| Abstract|| |
Background: Previously acknowledged as “bedside ultrasound”, point-of-care ultrasound (PoCUS) is gaining great recognition nowadays and more physicians are using it to effectively diagnose and adequately manage patients. To measure previous, present and potential adoption of PoCUS and barriers to its use in Canada, Woo et al established the questionnaire “Evaluation Tool for Ultrasound skills Development and Education” (ETUDE) in 2007. This questionnaire sorted respondents into innovators, early adopters, majority, and nonadopters. Objectives: In this article, we attempt to evaluate the prevalence of PoCUS and the barriers to its adoption in Lebanese EDs, using the ETUDE. Materials and Methods: The same questionnaire was again utilized in Lebanon to assess the extent of PoCUS adoption. Our target population is emergency physicians (EPs). To achieve a high response rate, hospitals all over Lebanon were contacted to obtain contact details of their EPs. Questionnaires with daily reminders were sent on daily basis. Results: The response rate was higher in our population (78.8%) compared to Woo et al's (36.4%), as the questionnaire was sent by email to each physician with subsequent daily reminders to fill it. In fact, out of the total number of the surveyed (85 physicians), respondents were 67, of which 76.1% were males and of a median age of 43. Using ETUDE, results came as nonadopters (47.8%), majority (28.3%), early adopters (16.4%), and innovators (7.5%). Respondents advocated using PoCUS currently and in the future in five main circumstances: focused assessment with sonography in trauma (FAST) (current 22.9%/future 62.9%), first-trimester pregnancy (current 17.1%/future 68.6%), suspected abdominal aortic aneurysm (current 5.7%/future 51.4%), basic cardiac indications (current 8.6%/future 57.1%), and central venous catheterization (current 22.9%/future 85.7%). Conclusion: This study is the first to tackle the extent of use and the hurdles to PoCUS adoption in Lebanese emergency medicine practice, using ETUDE. The findings from this study can be used in Lebanon to strengthen PoCUS use in the future.
Keywords: Adoption, barriers, emergency departments, Lebanon, point-of-care ultrasound
|How to cite this article:|
El Majzoub IA, Hamade HN, Cheaito RA, Khishfe BF. The use of evaluation tool for ultrasound skills development and education to assess the extent of point-of-care ultrasound adoption in lebanese emergency departments. J Emerg Trauma Shock 2020;13:219-23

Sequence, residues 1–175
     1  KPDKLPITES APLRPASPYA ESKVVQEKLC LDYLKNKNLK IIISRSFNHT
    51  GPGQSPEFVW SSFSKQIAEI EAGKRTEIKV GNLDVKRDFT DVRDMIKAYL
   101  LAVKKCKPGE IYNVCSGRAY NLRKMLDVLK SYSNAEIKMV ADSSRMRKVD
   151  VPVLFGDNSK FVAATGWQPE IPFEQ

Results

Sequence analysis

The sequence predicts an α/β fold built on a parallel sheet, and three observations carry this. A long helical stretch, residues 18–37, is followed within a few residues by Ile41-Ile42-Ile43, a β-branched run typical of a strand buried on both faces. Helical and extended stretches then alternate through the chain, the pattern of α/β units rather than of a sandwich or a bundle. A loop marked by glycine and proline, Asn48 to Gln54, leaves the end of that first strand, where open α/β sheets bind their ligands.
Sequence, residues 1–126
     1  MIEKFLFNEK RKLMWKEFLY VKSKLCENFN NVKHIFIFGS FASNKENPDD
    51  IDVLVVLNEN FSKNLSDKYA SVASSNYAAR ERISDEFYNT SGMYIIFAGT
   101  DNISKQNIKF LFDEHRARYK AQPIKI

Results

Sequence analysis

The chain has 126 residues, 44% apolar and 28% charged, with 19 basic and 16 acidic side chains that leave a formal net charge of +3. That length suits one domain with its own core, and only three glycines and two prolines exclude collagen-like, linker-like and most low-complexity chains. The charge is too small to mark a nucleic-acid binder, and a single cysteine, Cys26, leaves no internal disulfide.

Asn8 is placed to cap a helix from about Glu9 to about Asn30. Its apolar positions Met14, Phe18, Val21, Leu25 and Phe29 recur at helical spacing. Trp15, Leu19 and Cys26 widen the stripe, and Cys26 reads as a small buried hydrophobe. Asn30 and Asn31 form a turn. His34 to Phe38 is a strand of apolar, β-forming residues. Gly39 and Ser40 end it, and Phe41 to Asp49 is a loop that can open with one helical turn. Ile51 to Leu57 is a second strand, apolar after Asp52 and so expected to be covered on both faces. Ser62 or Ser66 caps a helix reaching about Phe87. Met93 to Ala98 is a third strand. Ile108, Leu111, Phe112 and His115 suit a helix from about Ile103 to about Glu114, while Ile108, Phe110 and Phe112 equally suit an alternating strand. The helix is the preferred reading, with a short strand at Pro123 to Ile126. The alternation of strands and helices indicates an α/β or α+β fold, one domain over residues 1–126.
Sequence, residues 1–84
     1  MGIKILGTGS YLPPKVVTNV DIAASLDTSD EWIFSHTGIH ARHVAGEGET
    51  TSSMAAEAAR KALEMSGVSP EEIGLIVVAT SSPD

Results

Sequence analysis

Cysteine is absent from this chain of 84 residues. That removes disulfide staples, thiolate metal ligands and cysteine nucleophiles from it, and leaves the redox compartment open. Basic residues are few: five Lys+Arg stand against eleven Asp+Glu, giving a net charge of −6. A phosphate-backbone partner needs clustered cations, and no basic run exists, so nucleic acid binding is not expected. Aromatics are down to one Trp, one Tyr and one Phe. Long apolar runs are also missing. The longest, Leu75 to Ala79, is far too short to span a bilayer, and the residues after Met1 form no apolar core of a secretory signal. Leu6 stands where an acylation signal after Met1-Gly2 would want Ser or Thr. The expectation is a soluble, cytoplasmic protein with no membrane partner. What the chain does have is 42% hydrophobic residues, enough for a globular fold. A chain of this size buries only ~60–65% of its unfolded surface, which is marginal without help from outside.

|How to cite this URL:|
El Majzoub IA, Hamade HN, Cheaito RA, Khishfe BF. The use of evaluation tool for ultrasound skills development and education to assess the extent of point-of-care ultrasound adoption in lebanese emergency departments. J Emerg Trauma Shock [serial online] 2020 [cited 2020 Dec 2];13:219-23. Available from: https://www.onlinejets.org/text.asp?2020/13/3/219/295364
| Introduction|| |
Lebanon is a low-income Middle Eastern developing country with an estimated population of 6.86 million in 2019., Major advances were recorded in the field of emergency medicine (EM) in Lebanon over the last 10 years. The Lebanese Society of EM (LSEM) aiming at the delivery of excellent medical services within the setting of the emergency department (ED) was first founded in 2003. Then after a couple of years, and by the help of the LSEM, EM became recognized by the National Social Security Fund. Today, EM is one of the most highly regarded and competitive specialties. Ultrasound training has also become part of the EM residency programs and bedside ultrasonography is usually readily available in Lebanese EDs; however, the extent of utility and expertise in the field of ultrasonography within the ED has not been studied yet.
Point-of-care ultrasound (PoCUS) is the bedside ultrasound utilized by physicians to effectively diagnose a patient.,, It is noteworthy that this advance is not very recent but also does not go long back. PoCUS was first introduced in Japan and Europe in the 1980s, and then it spread to the United States,,, where emergency physicians (EPs) took the lead. The utility of PoCUS in the ED has shown great progression since 1994 when the first EM ultrasound syllabus was issued. In the setting of the ED, where diagnosis and consequent management should be immediate and accurate, ultrasound is undeniably one of the most influential tools. PoCUS is currently being integrated into medical schools' curricula. Some instructors even believe that PoCUS will become the “stethoscope” of physicians.,, The American College of EPs categorizes the role of emergency PoCUS into five clinical purposes, namely, resuscitative, diagnostic, sign or symptom based, procedure guidance, and therapeutic and monitoring.Per se, PoCUS, coupled with history and physical examination, is sufficient to rule out/in most pathologies in most cases. It even contributes to the management plan by guiding certain procedures., This is particularly important nowadays as PoCUS serves a major role in cost reduction on people and on the health-care system.